Liberty leading the people, 1830
Oil on canvas.
Today Francophiles everywhere commemorate Bastille Day…and in classic french style, the Parisian paper of record Le Monde published the following analysis this morning. [fyi-bastille day is celebrated each year in france by a large parade, led my the military through paris and followed by fireworks]
Paradox: “contradiction”. Origin, at the end of the Middle Ages, the Greek paradoxos, “opposite with the common opinion”.
What could be more paradoxical than the military procession of the July 14? Let us imagine that an armed crowd is assembled in front of a Parisian prison with an aim of taking it by storm and releasing the prisoners (exactly what occurred on July 14, 1789). The armed forces would more than likely intervene to disperse the mob-it is for this reason that they exist. And yet, here it is today that the contemporary army “commemorates” an event which its predecessors had not managed to prevent: a little as if [religious right leader and notorious homophobe] Christine Boutin drove a tank to the gay pride.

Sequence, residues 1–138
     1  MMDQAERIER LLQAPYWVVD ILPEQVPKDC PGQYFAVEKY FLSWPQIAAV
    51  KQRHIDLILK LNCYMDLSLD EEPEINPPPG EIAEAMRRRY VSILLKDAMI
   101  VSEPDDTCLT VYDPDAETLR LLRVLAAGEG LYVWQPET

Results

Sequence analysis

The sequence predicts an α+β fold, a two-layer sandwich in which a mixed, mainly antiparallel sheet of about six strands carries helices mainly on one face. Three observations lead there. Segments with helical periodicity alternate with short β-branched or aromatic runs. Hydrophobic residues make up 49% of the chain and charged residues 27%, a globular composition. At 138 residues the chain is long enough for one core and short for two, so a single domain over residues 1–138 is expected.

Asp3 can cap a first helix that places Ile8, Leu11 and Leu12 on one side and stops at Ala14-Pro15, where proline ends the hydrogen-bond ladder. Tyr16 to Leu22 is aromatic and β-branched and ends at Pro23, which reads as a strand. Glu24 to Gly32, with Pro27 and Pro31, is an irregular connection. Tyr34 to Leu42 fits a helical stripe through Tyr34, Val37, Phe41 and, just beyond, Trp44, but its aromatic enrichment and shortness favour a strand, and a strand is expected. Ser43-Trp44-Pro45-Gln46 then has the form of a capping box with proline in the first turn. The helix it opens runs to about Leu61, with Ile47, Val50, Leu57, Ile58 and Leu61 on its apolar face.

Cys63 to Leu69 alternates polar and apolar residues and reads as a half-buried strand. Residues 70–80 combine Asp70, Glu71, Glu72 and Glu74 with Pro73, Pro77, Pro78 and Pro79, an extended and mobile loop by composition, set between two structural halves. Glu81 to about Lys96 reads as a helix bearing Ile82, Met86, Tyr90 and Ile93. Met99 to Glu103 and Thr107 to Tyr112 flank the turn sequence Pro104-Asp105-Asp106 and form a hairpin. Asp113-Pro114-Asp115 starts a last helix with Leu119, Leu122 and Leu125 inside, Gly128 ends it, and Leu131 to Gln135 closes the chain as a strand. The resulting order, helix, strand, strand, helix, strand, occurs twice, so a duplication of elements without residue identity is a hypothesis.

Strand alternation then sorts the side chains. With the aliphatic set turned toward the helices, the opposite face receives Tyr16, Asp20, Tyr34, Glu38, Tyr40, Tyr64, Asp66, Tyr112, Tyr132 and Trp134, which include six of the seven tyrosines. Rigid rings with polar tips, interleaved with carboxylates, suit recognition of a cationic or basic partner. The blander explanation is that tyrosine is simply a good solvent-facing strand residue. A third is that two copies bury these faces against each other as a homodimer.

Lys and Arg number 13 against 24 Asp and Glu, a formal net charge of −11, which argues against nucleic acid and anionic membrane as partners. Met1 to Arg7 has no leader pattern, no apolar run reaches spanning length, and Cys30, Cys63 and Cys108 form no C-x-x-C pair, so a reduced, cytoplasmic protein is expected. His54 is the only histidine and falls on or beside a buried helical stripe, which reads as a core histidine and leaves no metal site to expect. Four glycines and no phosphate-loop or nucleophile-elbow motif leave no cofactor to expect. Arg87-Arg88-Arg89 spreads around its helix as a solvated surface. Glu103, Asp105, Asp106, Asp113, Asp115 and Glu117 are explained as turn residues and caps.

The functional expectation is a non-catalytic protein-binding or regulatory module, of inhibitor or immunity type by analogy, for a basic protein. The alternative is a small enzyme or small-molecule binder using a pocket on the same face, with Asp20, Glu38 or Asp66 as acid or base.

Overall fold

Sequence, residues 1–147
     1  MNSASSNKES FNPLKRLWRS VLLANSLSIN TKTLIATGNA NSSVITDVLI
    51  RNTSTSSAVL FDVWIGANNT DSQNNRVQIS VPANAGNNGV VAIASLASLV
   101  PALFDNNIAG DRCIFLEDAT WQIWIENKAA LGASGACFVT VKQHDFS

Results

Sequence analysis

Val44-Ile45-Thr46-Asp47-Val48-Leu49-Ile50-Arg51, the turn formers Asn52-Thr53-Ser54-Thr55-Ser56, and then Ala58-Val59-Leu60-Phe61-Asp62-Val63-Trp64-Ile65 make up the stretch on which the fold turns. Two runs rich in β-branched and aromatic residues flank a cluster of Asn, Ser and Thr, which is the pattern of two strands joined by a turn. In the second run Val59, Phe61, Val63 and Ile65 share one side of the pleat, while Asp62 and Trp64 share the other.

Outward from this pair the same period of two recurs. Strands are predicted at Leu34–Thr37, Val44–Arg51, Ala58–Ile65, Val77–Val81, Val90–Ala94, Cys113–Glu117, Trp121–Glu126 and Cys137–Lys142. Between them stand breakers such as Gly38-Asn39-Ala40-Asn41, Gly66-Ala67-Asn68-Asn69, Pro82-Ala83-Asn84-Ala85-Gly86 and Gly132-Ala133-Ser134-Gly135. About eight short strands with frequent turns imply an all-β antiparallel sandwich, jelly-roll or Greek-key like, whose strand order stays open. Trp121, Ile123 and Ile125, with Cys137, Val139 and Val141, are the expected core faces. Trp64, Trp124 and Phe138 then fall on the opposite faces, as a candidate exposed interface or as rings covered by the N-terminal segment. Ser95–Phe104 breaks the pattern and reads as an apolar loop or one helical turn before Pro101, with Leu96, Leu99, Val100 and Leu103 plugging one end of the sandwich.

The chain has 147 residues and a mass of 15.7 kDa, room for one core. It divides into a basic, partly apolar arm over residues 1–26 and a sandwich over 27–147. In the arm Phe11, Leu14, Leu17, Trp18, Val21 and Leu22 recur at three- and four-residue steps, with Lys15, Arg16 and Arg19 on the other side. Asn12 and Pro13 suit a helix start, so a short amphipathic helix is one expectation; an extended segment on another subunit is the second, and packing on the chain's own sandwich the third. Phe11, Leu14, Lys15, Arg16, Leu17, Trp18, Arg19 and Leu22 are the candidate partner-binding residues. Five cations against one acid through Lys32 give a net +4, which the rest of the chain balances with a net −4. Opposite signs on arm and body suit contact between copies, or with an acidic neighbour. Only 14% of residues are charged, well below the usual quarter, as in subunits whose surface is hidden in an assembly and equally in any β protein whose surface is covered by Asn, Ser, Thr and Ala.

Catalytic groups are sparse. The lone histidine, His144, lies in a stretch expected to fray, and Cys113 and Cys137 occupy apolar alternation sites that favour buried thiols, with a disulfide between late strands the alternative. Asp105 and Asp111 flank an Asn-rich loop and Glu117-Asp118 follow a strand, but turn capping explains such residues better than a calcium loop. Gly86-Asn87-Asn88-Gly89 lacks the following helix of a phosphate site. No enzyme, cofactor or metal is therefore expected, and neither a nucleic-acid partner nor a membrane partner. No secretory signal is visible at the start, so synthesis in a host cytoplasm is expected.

Zidane, un portrait du 21e siècle (Zidane, A 21st Century Portrait) is a documentary film by British artist Douglas Gordon and French filmmaker Phillippe Parrano. The film follows Zidane in real time through a single game accompanied by a moody, ambient score from Scottish band Mogwai.
I am not sure what it is exactly that I find so transfixing about Zizou but I think it has something to do with his ability to appear a calm center–the eye of the storm. Totally focused and unaware of his own raw energy. The best athletes in the world seem to make it look effortless. And if one considers that neuroscience shows us that watching someone perform a physical action activates the synaptic pathways in our own mind that would be used to perform the same actions with our own bodies. Perhaps the allure is the vicarious experience of active peace.